Introduction: Acute kidney injury (AKI) is a common occurrence in the neonatal intensive care unit (NICU). In recent years, our knowledge of the incidence and impact of neonatal AKI on outcomes has expanded exponentially. Currently, the diagnosis of AKI is solely made by rise in serum creatinine or decrease in urine output. Unfortunately, serum creatinine is considered as a suboptimal biomarker as it is a marker of kidney function, not damage or injury; thus, rise in serum creatinine is observed after 48–72 h of insult. By the time serum creatinine is raised, a significant amount of function has already been lost.
Objective of the study
1.To estimate the proportion of Acute Kidney Injury in high-risk neonates.
2.To study the risk factors and outcome of acute kidney injury in these neonates.
Material and Methods: This is a prospective observational cohort of 200 high risk neonates admitted in NICU, SIMS, Hyderabad over a period of 2 years. All high-risk neonates with 2 or more serum creatinine values were included in this study and neonates with death within 48 hours after birth, less than 1 day of measured urine output (UOP) on days 2 to 7 after birth, and fewer than 2 Serum Creatinine measurement were excluded.
Results: Among the 200 neonates enrolled, the occurrence of AKI was 30% (60/200 patients): 56 neonates fulfilled the modified neonatal KDIGO definition of AKI according to the Serum Creatinine criteria, 31 neonates fulfilled the modified neonatal KDIGO definition of AKI according to the UOP criteria, and 28 neonates fulfilled both the Serum creatinine and UOP criteria of the modified neonatal KDIGO definition of AKI. This resulted in a total of 60neonates with AKI. When classified according to the neonatal modified KDIGO stages: 28 (56%), 22 (44%) and 10 (20%) neonates fulfilled the criteria of AKI stage 1, 2, and 3, respectively. There were 3 deaths (5.36%) and 3 were discharged against medical advice (5.36%). The remaining 94.64% were discharged well.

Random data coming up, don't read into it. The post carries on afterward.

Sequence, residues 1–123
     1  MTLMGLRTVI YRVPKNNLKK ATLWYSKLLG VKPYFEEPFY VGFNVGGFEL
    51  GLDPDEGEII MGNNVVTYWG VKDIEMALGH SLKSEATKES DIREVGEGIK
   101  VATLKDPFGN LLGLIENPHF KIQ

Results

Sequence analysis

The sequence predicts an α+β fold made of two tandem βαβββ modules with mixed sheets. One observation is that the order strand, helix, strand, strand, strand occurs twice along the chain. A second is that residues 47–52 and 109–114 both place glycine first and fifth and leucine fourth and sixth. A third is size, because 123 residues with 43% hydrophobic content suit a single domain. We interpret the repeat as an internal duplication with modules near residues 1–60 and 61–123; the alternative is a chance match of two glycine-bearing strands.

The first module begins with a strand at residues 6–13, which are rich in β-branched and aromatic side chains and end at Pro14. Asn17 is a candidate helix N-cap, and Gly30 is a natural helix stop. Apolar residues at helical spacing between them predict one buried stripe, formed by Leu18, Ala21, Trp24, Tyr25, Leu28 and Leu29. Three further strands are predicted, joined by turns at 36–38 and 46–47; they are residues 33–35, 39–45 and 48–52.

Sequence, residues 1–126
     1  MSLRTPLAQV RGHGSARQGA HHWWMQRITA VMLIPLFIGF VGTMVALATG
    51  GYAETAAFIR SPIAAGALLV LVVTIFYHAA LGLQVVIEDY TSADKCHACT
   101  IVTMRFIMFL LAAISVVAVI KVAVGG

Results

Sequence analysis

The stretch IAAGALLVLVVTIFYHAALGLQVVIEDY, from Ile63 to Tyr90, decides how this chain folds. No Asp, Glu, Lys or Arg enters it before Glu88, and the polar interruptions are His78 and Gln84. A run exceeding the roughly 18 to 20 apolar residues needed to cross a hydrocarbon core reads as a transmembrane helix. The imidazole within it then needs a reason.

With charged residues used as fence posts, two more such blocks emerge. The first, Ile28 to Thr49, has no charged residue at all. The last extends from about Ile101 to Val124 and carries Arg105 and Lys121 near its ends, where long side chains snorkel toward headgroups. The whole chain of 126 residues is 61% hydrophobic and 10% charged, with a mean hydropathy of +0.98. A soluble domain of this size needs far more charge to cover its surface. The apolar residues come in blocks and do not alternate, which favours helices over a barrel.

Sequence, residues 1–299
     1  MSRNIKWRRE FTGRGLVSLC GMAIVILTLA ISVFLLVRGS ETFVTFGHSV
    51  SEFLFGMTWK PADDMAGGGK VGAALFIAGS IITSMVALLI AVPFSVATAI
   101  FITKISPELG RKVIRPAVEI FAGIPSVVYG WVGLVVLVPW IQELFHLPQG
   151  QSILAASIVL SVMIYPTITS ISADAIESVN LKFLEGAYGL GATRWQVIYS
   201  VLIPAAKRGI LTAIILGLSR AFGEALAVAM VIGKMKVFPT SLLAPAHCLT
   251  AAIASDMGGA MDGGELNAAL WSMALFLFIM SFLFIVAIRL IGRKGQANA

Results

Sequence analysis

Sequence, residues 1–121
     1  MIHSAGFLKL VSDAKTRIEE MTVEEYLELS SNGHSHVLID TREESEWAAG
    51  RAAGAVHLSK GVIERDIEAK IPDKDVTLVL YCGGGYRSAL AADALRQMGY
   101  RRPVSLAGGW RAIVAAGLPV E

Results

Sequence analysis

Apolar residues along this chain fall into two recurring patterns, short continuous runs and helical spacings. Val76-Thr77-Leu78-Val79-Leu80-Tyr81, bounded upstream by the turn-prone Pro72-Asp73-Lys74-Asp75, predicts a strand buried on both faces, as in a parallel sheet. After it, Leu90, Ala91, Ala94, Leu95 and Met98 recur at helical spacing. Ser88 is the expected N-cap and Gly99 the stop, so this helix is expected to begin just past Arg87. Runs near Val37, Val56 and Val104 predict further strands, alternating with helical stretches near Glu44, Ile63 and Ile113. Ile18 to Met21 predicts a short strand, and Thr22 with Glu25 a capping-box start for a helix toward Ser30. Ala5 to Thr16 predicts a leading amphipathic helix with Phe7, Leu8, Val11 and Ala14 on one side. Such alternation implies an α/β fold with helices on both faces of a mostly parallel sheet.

Conclusion: AKI is a life threatening condition with still high mortality rate. Early recognition of the risk factors and the rapid effective treatment of the contributing conditions will reduce AKI in the neonatal period.